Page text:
Danny Ainge isn't exactly one for strict deadlines. The Celtics GM waited until the last possible moment to bail on the Big 3 era when he finally, mercifully traded Kevin Garnett and Paul Pierce to Brooklyn last summer. After 2012's noble effort in nearly knocking off the Heat, it was just too hard to walk away from the idea they could once again rule the world.
Instead, Boston got the doomed 2012-2013 campaign, most often remembered as the year Rajon Rondo's injury cut short, but really, the team was a mess before then. Its dynamic to compete had expired, like that sauce in the fridge you had only used last week but now does not smell appropriate at all. So finally Ainge bailed... and landed a windfall thanks to the Brooklyn Nets Subsidy Act, in which all teams with tough contracts for aging players are granted relief by Billy King.
Then, for the last year, he has just... hung out. Is he rebuilding around Rajon Rondo? Well, no doesn't look like it. Is he aggressively looking to trade Rondo and build from the ground up? Well... no actually. He's just hanging out. Yes, Rondo trade rumors are still constantly floating up from the bottom like Tom Hanks' luggage in "Joe Vs. the Volcano," and yes, the Celtics stayed in the conversation on Kevin Love to the very end.
But there's just not a plan. Well, OK, that's maybe not true. There's a plan, and the plan is to have no plan.
Typically I strike up the matches and set fire to any front office that isn't steadfastly steaming towards a goal. "Build through the draft," "reload not rebuild," "swing for the fences," "slow and steady winds up signing Ben Gordon to $9 million," you know, any plan will really do. You've just got to have one and not just be aimlessly adrift in the competitive waters.
And it's possible that Ainge has in fact waited too long to trade Rondo. His value has taken several hits, including the ACL injury and the fact that without reliable scoring around him, his own scoring inefficiency stands out. He's not the blue-chip he once was in trade talks.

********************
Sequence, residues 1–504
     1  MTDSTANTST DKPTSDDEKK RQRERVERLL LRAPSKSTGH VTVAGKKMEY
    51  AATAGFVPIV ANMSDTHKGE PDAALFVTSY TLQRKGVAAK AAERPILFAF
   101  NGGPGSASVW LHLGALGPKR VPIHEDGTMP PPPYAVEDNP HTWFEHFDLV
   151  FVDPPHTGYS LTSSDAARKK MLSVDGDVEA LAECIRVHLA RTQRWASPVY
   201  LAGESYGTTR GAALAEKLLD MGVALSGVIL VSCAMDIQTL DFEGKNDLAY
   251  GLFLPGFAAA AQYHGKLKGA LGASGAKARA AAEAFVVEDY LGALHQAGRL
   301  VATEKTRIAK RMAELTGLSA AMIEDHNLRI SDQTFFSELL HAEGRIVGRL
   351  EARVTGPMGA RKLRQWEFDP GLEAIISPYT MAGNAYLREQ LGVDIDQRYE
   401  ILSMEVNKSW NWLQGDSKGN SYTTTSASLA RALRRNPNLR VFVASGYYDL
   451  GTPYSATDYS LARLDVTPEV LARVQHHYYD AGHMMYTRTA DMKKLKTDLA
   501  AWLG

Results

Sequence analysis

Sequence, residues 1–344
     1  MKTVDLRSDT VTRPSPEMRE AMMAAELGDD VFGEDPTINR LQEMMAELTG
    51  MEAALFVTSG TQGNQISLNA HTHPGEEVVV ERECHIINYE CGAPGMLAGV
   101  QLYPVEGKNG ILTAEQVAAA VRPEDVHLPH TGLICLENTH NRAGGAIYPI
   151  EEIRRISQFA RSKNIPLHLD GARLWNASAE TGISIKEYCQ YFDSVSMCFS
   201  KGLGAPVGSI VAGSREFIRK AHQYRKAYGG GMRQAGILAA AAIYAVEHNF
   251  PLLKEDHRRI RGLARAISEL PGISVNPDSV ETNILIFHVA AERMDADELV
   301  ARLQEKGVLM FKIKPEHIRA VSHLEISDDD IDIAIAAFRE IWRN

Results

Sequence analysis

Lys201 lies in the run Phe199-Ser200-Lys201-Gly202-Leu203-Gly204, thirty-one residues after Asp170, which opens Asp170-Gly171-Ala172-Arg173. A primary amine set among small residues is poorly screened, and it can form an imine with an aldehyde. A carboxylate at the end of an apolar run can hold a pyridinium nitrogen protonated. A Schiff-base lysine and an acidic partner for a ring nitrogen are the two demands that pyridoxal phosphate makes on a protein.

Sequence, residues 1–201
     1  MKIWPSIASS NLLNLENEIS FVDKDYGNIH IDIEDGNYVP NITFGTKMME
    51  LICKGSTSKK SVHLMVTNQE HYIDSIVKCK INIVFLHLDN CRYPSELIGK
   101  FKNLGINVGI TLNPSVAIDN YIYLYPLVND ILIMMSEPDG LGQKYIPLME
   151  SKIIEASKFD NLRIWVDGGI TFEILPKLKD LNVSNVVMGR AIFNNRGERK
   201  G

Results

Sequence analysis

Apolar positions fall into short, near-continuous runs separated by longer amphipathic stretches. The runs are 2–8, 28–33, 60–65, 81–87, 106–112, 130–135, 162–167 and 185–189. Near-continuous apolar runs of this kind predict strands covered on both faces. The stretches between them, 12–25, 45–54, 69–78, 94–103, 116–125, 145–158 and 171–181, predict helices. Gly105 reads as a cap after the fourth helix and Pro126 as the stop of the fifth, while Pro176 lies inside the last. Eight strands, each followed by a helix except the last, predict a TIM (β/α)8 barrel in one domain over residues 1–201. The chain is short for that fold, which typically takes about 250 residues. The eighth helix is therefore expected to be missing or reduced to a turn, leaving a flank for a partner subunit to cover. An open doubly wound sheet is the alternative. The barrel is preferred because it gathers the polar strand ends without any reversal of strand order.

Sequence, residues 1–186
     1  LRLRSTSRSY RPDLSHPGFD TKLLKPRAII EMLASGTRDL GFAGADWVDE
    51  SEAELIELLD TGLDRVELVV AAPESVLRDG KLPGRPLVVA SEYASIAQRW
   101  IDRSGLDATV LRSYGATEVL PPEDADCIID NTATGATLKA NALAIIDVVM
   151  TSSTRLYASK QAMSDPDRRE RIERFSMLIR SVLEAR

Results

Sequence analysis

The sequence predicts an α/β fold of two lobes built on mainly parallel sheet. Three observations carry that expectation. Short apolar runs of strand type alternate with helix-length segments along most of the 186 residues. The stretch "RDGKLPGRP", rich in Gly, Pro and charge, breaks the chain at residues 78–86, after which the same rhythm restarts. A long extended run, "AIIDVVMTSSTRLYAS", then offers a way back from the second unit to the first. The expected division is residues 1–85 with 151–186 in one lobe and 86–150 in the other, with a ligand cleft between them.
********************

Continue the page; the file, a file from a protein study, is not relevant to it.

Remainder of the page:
But what's interesting is how Ainge has managed to keep his time in limbo productive by balancing the two approaches. Usually you lose steam and wind up with a bloated cap sheet and a mish-mash of mediocre young talent.
Ainge on the other hand has put together a pretty frothy batch of young talent if he finds he needs to pull the plug and truly start over. Marcus Smart was a high-value prospect and while his downsides (decision-making) are considerable, he's also an absolute ox defensively and has more creativity than he got to show at Oklahoma State. James Young was considered to be within range of a top-ten pick for most of the year before the Celtics managed to nab him at 17.
Sullinger does show the basic building blocks of essentially being a poor man's Ryan Anderson: able to rebound effectively and hit from he outside (though that perimeter shot -- especially that 32 percent spot from the top of the arc -- needs a lot of work). Kelly Olynyk is big. Phil Pressey really did show some things last season. Avery Bradley improving his 3-point shot to 39.5 percent was huge.
There's talent there.
And Ainge has also managed to keep those expiring contracts without pawning them off for little to no value. Managing your cap sheet without letting it get away from you or panicking and throwing out the disposable goods too early takes a delicate balance.
Ainge is running out of time to use Brandon Bass or to find a way to get rid of Gerald Wallace's deal. But he's still got time to figure out what he wants to do. All this time I thought that Ainge was wasting his opportunities by not boldly pursuing a new Celtics policy of team building. Instead he's simply propped open the window. Yeah, the Celtics are in limbo. But instead of thinking of it as a prison, think of it more like a bus station, or an airport. Right now they haven't bought a ticket. But they can still go anywhere.